TEL AVIV - Of all the things to be concerned about in Santa Barbara, finding shelter in less than 90 seconds is not one of them. As the ceasefire goes into effect, a temporary lull has descended over Israel and the Gaza Strip, but the looming threat of rocket attacks and bombings casts a shadow over the lives of Santa Barbarans who have experienced the past week and previous outbreaks of violence.
"I definitely feel more jumpy and am on guard all of the time," said Paulina King, 20, a Santa Barbara native (San Marcos High School) who is currently in a pre-med program at Tel Aviv University.
"The first time I heard the sirens, I was really confused, they didn't really prepare us for it. After I knew what was going on, I was excited, but not in a happy way, just that I was paying close attention to everything," said King.
"Another time, I heard it, but was outside and had to sprint back to my dorm. That time, I heard the boom."
Arya Donay, 26, (UCSB) was at home when the first siren went off. "Everyone was pretty shocked," he said. "It's normal for people in the south, but it's crossing a red line it reaches Tel Aviv, where so many people live."
For Yoav Schafer, 24, (Dos Pueblos), who served in an Israeli military combat unit and is now studying at Harvard University, the effect of the constant threat of violence in Israel is "terrible".
"I remember hearing stories of parents who would not leave the house at the same time, in case of them got killed in a terrorist attack," Schafer recalled.
Jason Raede, 24 (Dos Publos), served in the Israeli military from 2010 until 2012 and was stationed in a unit near the Gaza border. He related that people who live in towns near the Gaza border live in a constant state of uneasiness. "Even just walking to the grocery store, they have to be mindful of where the nearest bomb shelter is," he said.
Other actions that Israelis have undertaken in response to the attacks include driving with a window down, so as to better hear the sirens and carefully considering walking, which offers increased flexibility to find shelter, versus the convenience of driving.
The past week has also seen schools throughout Israel cancel classes and parents pick their children up at 1 PM, nap time, since some schools do not have proper shelter and do not want to face the risk of having to quickly wake up and move 20-30 small children.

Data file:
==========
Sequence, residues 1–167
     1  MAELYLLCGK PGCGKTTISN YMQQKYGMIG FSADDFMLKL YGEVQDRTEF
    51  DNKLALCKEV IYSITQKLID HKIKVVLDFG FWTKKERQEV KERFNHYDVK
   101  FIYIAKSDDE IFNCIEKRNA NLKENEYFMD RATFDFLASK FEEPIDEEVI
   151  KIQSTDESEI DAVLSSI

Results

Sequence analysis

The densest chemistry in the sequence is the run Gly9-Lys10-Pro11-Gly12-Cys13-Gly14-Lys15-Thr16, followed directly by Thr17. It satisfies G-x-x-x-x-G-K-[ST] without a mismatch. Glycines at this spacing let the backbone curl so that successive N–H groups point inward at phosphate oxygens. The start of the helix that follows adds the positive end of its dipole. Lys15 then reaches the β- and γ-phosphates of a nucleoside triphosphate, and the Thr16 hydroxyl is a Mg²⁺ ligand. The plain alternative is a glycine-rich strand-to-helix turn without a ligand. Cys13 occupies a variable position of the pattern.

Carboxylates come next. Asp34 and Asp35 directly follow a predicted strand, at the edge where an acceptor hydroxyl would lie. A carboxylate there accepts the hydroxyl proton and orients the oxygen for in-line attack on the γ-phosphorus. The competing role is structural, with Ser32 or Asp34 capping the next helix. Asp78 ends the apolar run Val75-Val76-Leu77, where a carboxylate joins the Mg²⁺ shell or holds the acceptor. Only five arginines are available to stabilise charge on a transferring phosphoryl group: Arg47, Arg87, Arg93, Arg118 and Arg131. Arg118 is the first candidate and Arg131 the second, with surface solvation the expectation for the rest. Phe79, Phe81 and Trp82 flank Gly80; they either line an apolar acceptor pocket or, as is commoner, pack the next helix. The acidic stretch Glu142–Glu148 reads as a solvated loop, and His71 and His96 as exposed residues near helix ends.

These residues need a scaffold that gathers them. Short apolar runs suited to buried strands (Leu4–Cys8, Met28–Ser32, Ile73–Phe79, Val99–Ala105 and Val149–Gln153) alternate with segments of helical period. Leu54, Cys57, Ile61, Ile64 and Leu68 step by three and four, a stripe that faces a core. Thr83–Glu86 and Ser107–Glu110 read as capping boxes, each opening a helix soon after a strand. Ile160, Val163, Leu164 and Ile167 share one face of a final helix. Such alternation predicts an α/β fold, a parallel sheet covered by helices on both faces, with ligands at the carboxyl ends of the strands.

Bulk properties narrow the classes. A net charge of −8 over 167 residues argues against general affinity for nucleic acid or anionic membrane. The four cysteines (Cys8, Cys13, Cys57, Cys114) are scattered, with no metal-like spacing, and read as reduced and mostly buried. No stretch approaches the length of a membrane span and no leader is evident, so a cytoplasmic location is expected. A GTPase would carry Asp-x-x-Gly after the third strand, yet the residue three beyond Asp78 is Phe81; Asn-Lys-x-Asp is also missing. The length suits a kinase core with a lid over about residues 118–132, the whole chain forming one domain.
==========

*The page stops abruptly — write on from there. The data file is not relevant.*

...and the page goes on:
Still, as Donay related, "While there is definitely a feeling of somberness, life continues."
King said that, "Israelis are calm about the situation, so it makes it easier for me to be calm. I am still going to take buses when I go out with my friends, go to classes, and play volleyball."
Schaefer believes that this pervasive threat of attack, and the larger political context, has lead to a constant push and pull in Israeli society between optimism and anxiety, "This constant vigilance is embedded in the Israeli ethos, and the impact can been seen everywhere, from security checks at malls to every house having a bomb shelter….the real tragedy is the acceptance of the situation."
Still, Schafer thinks that, while the realities of the security situation are firmly rooted in society, it is not completely hopeless.
"Israelis have a common saying, 'It will be okay,' even if it is not okay now. There is a feeling of hoping for the best, but preparing for the worst," he said.
Raede also commented on the difficulty of the situation, "…Everyone is human, even enemies…even someone shooting at you. It is not black and white, there is a lot of grey."
Schafer added, "Unfortunately, they (Israel) directly face the challenge of 'how does a liberal, democratic state respond to terrorism committed by an enemy that does not play by the same rules?'
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Posted by Noah Smith · November 25, 2012 05:29